• Bobby 26 Apr 2012 at 6:01 PM

      Not like I was told it would in the past 15 years, beat over the head with “this is the next big thing.” Have you seen the attendance numbers at races not-in-the-South?

    • Toney 26 Apr 2012 at 6:10 PM

      LOL. Nascar sucks. Not only is it worthless I don’t think Billy Ray and Bubba is necessarily a brand we even want to promote across the country as being “Charlotte.” Leave that to the knuckledraggers down in South Carolina, or up in Bristol Tenneginia. But no, nascar didn’t take off nationally. it’s irrelevant. sorry, denny hamlin.

  2. Ryne 26 Apr 2012 at 6:18 PM

    This is very self-aware. I love Charlotte, maybe this will get me with the Bobcats (and watch them tonight on national TV!). Great post. Could tell it’s from your heart and that you love this city. we need more like that.

  3. Leya 26 Apr 2012 at 6:31 PM

    You know how Atlanta’s is Forever I Love Atlanta? (FILA)? Well, FILC? Forever I love Charlotte? Doesn’t have the same ring.. ;-D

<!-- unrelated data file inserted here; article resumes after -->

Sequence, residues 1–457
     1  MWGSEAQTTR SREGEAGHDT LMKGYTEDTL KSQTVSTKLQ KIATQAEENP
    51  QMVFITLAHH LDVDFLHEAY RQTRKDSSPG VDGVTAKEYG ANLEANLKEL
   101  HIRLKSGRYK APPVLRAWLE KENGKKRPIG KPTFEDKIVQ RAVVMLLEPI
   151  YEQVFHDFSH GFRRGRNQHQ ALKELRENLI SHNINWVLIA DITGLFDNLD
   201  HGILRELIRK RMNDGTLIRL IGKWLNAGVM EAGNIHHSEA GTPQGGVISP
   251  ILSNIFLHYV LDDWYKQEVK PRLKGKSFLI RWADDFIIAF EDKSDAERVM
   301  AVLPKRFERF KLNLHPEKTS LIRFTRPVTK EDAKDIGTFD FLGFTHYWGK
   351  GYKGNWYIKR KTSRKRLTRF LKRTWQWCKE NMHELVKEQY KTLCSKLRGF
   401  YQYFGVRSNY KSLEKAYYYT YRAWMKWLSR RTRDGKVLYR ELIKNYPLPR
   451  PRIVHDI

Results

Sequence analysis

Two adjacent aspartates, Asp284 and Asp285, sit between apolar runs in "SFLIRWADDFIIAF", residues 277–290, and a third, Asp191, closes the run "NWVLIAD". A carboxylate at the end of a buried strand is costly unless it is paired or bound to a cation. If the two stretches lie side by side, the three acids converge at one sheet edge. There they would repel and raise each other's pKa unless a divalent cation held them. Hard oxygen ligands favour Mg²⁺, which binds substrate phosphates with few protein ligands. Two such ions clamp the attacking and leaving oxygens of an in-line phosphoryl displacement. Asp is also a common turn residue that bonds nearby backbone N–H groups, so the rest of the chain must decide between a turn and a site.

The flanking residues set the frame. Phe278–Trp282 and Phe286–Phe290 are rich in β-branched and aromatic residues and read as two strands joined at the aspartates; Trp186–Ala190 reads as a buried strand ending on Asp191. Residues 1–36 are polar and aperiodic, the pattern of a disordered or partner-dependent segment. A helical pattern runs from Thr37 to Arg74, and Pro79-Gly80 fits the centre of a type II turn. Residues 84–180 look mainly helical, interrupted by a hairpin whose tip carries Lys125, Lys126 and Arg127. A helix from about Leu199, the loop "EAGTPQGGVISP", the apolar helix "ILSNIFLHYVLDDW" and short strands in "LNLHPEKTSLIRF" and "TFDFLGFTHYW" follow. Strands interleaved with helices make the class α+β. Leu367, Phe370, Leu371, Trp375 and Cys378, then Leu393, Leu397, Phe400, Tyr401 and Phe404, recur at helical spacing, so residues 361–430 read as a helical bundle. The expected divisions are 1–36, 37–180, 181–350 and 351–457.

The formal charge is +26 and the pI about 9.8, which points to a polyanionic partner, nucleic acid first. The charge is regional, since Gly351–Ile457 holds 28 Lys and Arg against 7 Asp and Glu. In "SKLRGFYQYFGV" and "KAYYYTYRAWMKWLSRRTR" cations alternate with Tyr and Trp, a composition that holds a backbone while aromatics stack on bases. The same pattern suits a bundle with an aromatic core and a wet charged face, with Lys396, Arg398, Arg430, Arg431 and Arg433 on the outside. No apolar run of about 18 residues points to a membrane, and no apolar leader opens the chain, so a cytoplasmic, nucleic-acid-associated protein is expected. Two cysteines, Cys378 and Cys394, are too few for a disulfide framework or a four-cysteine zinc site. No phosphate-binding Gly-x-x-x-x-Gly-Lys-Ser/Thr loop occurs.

4. Elaine 27 Apr 2012 at 11:39 AM

    the thing about the train on central avenue made me literally laugh out loud, because that’s happened to me several times, too. always when im in a hurry.

  5. Warren L. 27 Apr 2012 at 1:14 PM

    Great post!! I have loved the Bobcats since day one and it sure ain’t pretty right now but I can’t wait until they win and win and win! This is just like the 1998 panthers when they won their first game and then lost 15 straight and were in the doldrums. They came back ‚and the Bobcats will come back too!!

  6. banks 30 Apr 2012 at 6:58 PM

    Spoken like a true transplant. I’m sorry but, no, being here for less than a decade does *not* make you anything like a Charlotte native.